From inside the Mets (and Rays) clubhouses I gleaned several conclusions Saturday:
Carlos Beltran is a real gamer (I proposed trading him a month ago because the returning bounty would fill several holes, but I agree with a post who called me “insane” ). He’s hurting right now. (scheduled for a MRI Monday). His knee barks loud when he has to put on the breaks. His diving catch yesterday, that saved two runs, is probably less painful than pulling up in the outfield or on the base paths.
With the team treading water, and the rash of injuries, Jerry Manuel can’t afford to rest Beltran. But, he may have no choice, or risk losing him for an extended period.
When I used to interview players in the clubhouse at Shea, because of the close proximity of the lockers, eavesdropping players would often chime in with a woof that added color to my stories. However, with the vastness of the new digs, a conversation becomes a very private affair. Moreover, with the off-limits section of the clubhouse, replete with pool table, and spa-like hot tubs, etc, many players are no where to be found before or after games.
Great, another obstacle to overcome to garner quotes. Fans want to hear from the players, but how can the reporters gather their precious quotes when the players are not accessible? Add the Jay Horowitz factor (Mets longtime PR man), whose favorite word is the same as Jim Carrey’s “NO,” and you have to be creative and dig to get the word out to the fans.
Nevertheless, we all have our burdens, and when you talk to a guy like Omir Santos, it makes it all worthwhile. He appreciates every minute he dresses in a major league clubhouse. His eyes light up when he talks about being a Met. Add Fernando Tatis to the list of players who “get it.” Both take nothing for granted about the game and life.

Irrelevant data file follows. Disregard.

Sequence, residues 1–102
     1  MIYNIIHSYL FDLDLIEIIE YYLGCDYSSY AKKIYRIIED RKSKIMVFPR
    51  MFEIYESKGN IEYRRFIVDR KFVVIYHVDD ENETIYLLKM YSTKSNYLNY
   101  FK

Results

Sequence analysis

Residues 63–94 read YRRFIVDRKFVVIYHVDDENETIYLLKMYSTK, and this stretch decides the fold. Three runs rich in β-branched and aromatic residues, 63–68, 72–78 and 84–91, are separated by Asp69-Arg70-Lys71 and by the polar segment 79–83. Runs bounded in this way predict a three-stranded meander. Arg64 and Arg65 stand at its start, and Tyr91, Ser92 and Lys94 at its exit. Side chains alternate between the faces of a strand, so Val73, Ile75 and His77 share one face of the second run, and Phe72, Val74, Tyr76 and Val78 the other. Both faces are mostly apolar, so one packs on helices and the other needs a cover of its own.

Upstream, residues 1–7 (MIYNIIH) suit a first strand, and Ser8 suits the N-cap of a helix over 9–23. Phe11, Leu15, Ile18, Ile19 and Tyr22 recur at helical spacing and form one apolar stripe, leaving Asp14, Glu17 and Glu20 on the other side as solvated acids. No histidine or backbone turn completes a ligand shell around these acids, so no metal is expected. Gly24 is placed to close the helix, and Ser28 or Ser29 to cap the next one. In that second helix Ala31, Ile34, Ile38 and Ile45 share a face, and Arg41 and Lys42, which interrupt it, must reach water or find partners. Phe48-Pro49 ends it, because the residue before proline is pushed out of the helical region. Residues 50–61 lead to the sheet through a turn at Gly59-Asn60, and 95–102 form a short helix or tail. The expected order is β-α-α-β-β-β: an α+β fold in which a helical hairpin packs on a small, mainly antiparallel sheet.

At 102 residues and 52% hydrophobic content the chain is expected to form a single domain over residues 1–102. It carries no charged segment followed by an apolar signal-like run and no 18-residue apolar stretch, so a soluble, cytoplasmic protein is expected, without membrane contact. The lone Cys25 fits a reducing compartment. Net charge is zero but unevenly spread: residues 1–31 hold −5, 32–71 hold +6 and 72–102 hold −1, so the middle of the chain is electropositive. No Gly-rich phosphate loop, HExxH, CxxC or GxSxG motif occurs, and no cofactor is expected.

On the other end of the spectrum is Ryan Church. He could use a puppy because he has no friends in the Mets clubhouse. He sits alone, mopes alone, and leaves the park alone. Maybe because his body language screams, “get me out of here.” He reminds me of Dave Kingman, who was a fierce loner, that rarely interacted with his teammates or the writers ( unless he was delivering a put-down or a dead rodent).
From the Rays side, there were more clubhouse attendants roaming inside than media. There was an intimate gathering inside Joe Maddon’s office pregame, and speaking to him you realize how sharp this guy is. By the way, Maddon had a stack of printouts on his desk, seemingly for every situation available. Makes me think Davey Johnson was ahead of his time.
Steve Henderson, the hitting coach, and former Mets outfielder, was lamenting about Shea’s demise. He did remark that Citi Field is a “sweet park,” and still fondly recalls his Mets career. “I will never forget how the fans treated me, and the opportunity that the (Seaver) trade gave me. To this day, I still call him, ‘Mr Seaver,’ because if it wasn’t for him I might have never made it to the big leagues.”
Something tells me Hendu would have made it regardless. However, at the time of the infamous “Deadline Massacre” of June 1977 he was toiling in the minors at Indianapolis, teammates with Dan Norman, who also came over from the Reds (and Doug Flynn and Pat Zachry).
(If anyone wants to know what became of Norman, just ask and I’ll tell you. Just seeing if anyone is out there!) Henderson hit one of the most dramatic home runs in Mets history-in 1980, a two out three run walk-off against the Giants’ Allen Ripley, believe it or not. The ball landed in the Mets pen and I watched the majestic flight from the right-field boxes. My voice box never recovered!
Anyone remember it?
Talking to Ben Zobrist, the Ray’s utility man, who only four years ago was a Troy, NY Valley Cat of the NY Penn league, was a pleasure. A highly religious young man whose enthusiasm is infectious has come into his own this season with 15 home runs and leads the AL in slugging %. He blasted an insurance homer off Sean Green for good measure in the 9th. On Friday night he hit several shots that were run down by Beltran and he laughed at the prospect of playing 81 games in the cavernous park.
Speaking of home runs that required a tape measure, or more aptly, a GPS, Carlos Pena’s home run Saturday is still in orbit. I told him they were “able to show a double feature on that flight,” and he smiled in appreciation.
If the Phillies keep losing this could turn out to be 1973 all over again (Mets won it one game over .500).